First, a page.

Let’s Get to Work!

by Eric Dalton

For those of us who have long recognized the virtues, advantages, and strengths of federalism and strong adherence to the 10th Amendment, it has seemed like we have been shouting into the wind, desperate to be heard.

We recognized early on that the predations of the federal government and the lust for power of DC politicians and bureaucrats could only be restrained by states acting as sovereigns asserting their Constitutional prerogatives rather than acting as mere administrative units of the federal government.

Given birth by the aggressive overreach of the Obama administration and the Democrats through the cram down of Obamacare, the TEA Party ignited a resurgent interest in our Constitution and the check that the states can provide against federal power.

The interest in the Constitution as a restraint on the federal, central, government has led to a slow rediscovery of the much maligned 10th Amendment and the concept of federalism. The intensifying interest in the 10th is driven by an almost panicked desire to stop an insatiable and rapacious federal government that is devouring more and more of our liberties.

Perhaps if the GOP in DC had some semblance of a spine and an interest in protecting us from the socialists that have take over the Democrat party the 10th Amendment wouldn’t be experiencing a rebirth, but unfortunately we know we can’t count on those in DC to look out for us. Perhaps we will look back one day and see that the aggressiveness of the Social-Democrats and the weakness and fecklessness of the GOP were the spark that lit the fire of liberty that saved our republic.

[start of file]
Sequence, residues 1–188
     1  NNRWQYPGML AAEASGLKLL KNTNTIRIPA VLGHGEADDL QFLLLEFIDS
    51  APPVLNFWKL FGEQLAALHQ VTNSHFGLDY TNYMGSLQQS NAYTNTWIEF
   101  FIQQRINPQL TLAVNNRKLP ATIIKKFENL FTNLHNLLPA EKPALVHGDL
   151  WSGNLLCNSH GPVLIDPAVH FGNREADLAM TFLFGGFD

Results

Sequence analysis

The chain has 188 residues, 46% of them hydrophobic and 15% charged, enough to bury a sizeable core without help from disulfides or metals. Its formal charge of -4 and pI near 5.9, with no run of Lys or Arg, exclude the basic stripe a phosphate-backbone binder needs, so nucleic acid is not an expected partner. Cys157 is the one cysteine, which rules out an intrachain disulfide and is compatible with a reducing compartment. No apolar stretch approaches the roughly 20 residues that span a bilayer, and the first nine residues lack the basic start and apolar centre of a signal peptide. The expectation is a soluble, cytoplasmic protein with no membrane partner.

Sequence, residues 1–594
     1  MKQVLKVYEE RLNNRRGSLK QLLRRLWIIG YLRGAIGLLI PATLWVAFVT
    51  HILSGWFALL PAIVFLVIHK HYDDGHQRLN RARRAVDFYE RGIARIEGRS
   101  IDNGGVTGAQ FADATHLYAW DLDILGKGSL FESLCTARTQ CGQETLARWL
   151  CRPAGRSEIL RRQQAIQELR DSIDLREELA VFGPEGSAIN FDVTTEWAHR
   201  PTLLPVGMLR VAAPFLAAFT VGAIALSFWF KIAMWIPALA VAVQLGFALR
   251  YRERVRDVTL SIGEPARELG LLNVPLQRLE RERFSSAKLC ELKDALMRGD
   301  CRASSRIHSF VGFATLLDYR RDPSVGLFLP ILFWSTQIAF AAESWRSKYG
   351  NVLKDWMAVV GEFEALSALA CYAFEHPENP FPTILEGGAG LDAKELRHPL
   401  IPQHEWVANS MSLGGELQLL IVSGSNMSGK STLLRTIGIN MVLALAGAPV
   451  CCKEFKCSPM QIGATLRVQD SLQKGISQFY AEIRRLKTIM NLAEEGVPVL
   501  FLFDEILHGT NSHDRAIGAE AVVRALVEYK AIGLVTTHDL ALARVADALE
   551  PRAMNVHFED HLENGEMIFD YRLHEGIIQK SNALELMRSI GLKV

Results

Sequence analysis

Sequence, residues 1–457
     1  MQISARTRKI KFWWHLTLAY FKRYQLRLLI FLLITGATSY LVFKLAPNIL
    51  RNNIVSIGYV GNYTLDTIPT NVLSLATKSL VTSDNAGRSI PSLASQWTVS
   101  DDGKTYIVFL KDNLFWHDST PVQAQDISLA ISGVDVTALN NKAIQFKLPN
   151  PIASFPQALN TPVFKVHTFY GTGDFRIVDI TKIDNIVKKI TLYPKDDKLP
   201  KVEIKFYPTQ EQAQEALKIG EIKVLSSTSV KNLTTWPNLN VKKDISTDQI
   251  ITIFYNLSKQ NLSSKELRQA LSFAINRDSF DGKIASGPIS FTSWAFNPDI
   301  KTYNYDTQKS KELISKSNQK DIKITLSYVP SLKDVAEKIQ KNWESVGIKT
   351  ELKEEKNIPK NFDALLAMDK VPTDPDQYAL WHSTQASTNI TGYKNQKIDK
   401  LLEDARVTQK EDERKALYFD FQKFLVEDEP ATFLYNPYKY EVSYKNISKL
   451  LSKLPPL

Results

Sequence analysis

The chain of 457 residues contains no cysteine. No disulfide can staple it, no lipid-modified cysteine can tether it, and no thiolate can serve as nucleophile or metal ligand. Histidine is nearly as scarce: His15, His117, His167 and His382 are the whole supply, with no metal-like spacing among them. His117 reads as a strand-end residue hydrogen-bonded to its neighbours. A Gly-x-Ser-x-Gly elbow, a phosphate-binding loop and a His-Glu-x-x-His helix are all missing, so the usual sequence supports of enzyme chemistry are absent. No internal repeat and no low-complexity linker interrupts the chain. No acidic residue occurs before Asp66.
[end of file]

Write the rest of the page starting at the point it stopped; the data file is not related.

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We Aren’t Dismayed.

A statement prepared for the Oklahoma Rally for Healthcare Independence on July 7, 2012

Last week, the Supreme Court sent shockwaves across the country when it upheld the insurance mandate in the federal health care act. Many Americans counted on the Court to strike down ObamaCare. They were certain the justices would ride in on white horses and save them from a federal government claiming the authority to regulate some of the most personal decisions they will ever make – how to handle their own health. Lo and behold, the black-robed demigods admitted the feds can’t regulate activity that hasn’t happened yet. But with masterfully executed verbal gymnastics, Justice Roberts found a safe haven for this federal power. Tax it! In essence, the Supreme Court said “If you do not participate we will tax you for doing nothing. We will tax you for refusing to obey us. We will tax you into action!”

Many hopeful Americans reacted with shock and surprise. That quickly turned to dismay.

At the Tenth Amendment Center, we were neither shocked, nor are we dismayed.

For six years, we’ve been telling anybody who would listen that Washington D.C. will never solve the problems of America. Washington D.C. IS the problem! And we simply can’t rely on the federal government to limit its own power. Counting on the Supreme Court to rein in an overreaching Congress set on imposing a one-size-fits-all health care system on 300 million Americans was as naïve as expecting an Oklahoma Sooner player to fairly referee a game between Oklahoma and Oklahoma State.